3.4. Plasmid Isolation and Electrophoresis

Strains selected based on antibiotic resistance and provenance were subjected to plasmid isolation and agarose gel electrophoresis according to the methods of Kado and Liu (1981) (12) recently used by Akter et al. (2011) (13). Each selected colony was transferred into a conical flask containing nutrient broth and incubated at 37°C overnight with shaking (180 x g). An aliquot (1 mL) of the culture was taken and centrifuged (16,000 x g) for 30 seconds at 4oC. The supernatant was removed and the pellet was re-suspended in 150 µL of Tris-EDTA buffer [10 mM Tris chloride (pH 8), 1 Mm EDTA (pH 8)] solution by vigorous vortexing. Subsequently, 200 µL of NaOH-SDS (0.2M NaOH, 1% SDS) solution and 150 µL of 3M potassium acetate (pH 4.8) were added and the mixture vortexed for 10 seconds. The content was centrifuged (16,000 x g) for 5 minutes at 4°C. The supernatant was precipitated with 600 µL of ice cold 100% ethanol. A portion (15 µL) of plasmid DNA was loaded onto a 0.8% agarose gel containing 0.5 µg mL-1 ethidium bromide and electrophoresed in TBE (Tris-Boric acid –EDTA) buffer, all in Sigma-Aldrich Horizontal Electrophoresis Unit (Mini Z33,879-6). Lambda- Hind ΠΙ digested DNA ladder (Ambion) was used as standard size marker. The plasmid DNAs were visualized and photographed by placing the gel on a UV (300 nm) trans illuminator. Protective goggles were used.

3.5. Statistical Analysis

Bacterial isolates were grouped according to human and wildlife provenance. Analysis of Variance and Pearson Correlation tests were carried out using the Statistical Package for Social Sciences (SPSS 16.0) Inc (444N Michigan USA).

4. Results

Citrobacter and Klebsiella spp. were isolated from the sources considered in the study with Citrobacter spp being the more frequently isolated organisms in the WL samples. Members of the genus Klebsiella isolated from HA exhibited more resistance to ampicillin and augmentin than those isolated from HN. However, Klebsiella isolated from HN showed a greater resistance to cetriaxone, clarithomycin, ofloxacin, and pefloxacin. This is shown in Figure 1.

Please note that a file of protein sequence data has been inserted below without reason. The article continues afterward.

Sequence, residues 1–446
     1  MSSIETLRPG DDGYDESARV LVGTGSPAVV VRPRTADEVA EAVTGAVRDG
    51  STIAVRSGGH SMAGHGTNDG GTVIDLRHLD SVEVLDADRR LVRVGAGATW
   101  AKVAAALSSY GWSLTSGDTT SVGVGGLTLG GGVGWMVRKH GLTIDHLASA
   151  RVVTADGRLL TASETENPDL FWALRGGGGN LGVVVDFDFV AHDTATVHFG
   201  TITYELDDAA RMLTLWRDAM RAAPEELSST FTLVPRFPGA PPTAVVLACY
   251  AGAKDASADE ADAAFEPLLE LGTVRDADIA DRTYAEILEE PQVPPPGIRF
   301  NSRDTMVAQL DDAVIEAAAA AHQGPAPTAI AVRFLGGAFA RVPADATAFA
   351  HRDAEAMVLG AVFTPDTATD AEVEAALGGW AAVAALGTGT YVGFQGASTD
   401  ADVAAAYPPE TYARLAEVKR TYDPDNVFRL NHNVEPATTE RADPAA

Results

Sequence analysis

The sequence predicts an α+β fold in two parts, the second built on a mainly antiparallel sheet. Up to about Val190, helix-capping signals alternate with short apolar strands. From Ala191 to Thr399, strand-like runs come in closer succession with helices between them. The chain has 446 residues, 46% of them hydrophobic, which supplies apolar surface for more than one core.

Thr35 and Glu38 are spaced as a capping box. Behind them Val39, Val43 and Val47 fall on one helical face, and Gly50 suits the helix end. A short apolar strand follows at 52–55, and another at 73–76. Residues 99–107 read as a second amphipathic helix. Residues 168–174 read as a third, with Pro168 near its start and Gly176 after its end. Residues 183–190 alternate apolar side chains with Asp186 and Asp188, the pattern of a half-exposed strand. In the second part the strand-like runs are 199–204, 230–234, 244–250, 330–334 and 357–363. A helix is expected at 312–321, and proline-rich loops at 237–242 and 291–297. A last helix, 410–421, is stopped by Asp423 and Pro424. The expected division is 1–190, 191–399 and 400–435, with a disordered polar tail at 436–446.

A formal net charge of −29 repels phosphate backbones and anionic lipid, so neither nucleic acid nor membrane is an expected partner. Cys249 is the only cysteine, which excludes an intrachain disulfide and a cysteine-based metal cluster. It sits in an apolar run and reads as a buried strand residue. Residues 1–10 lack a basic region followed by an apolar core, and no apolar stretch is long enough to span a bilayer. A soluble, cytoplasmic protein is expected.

Figure 1. Antibiotic Resistance Pattern of Klebsiella spp Isolated from the Two Human Groups
Antibiotic Resistance Pattern of Klebsiella spp Isolated from the Two Human Groups

Key: CPX = Ciprofloxacin; GEN = Gentamycin; OFX = Ofloxacin; AUG = Augumentin;PEF = Pefloxacin; CMN = Clarithromycin; CMP = Chloramphenicol; AMP = Ampicillin; NIT = Nitrofurantoin , CTN = Ceftriaxone.

Similarly, Citrobacter spp. isolated from HA showed appreciable resistance to ampicillin (39.29%), augmentin (28.57%), chloramphenicol (10.71%), and clarithomycin (10.71%). Furthermore, members of the genus from HN showed resistance to ampicillin (25%), augmentin (18.75%), cetriaxone (18.75), and nitrofurantoin (12.50) in that order. This is shown in Figure 2.

Figure 2. Antibiotic Resistance Pattern of Citrobacter Isolated from the Two Human Groups
Antibiotic Resistance Pattern of Citrobacter Isolated from the Two Human Groups

Key: CPX = Ciprofloxacin; GEN = Gentamycin; OFX = Ofloxacin; AUG = Augumentin;PEF = Pefloxacin; CMN = Clarithromycin; CMP = Chloramphenicol; AMP = Ampicillin;NIT = Nitrofurantoin , CTN = Ceftriaxone.

The antimicrobial resistance pattern exhibited by the test organisms was further analyzed using the Pearson correlation. The correlates were examined using a 2-tailed test (P ≤ 0.01; and P ≤ 0.05). From the analyses, there was a strong direct relationship between the resistance patterns of the Klebsiella spp (0.715) isolated from the 2 human sources. Similarly, Citrobacter from HN showed a strong positive correlation with Klebsiella from HN source (0.917). The lowest correlates (0.653) existed between Citrobacter from HA and Citrobacter from HN. Overall, there exists a high correlation of resistance pattern among all the microorganisms isolated from both sources. This information is presented in Table 1.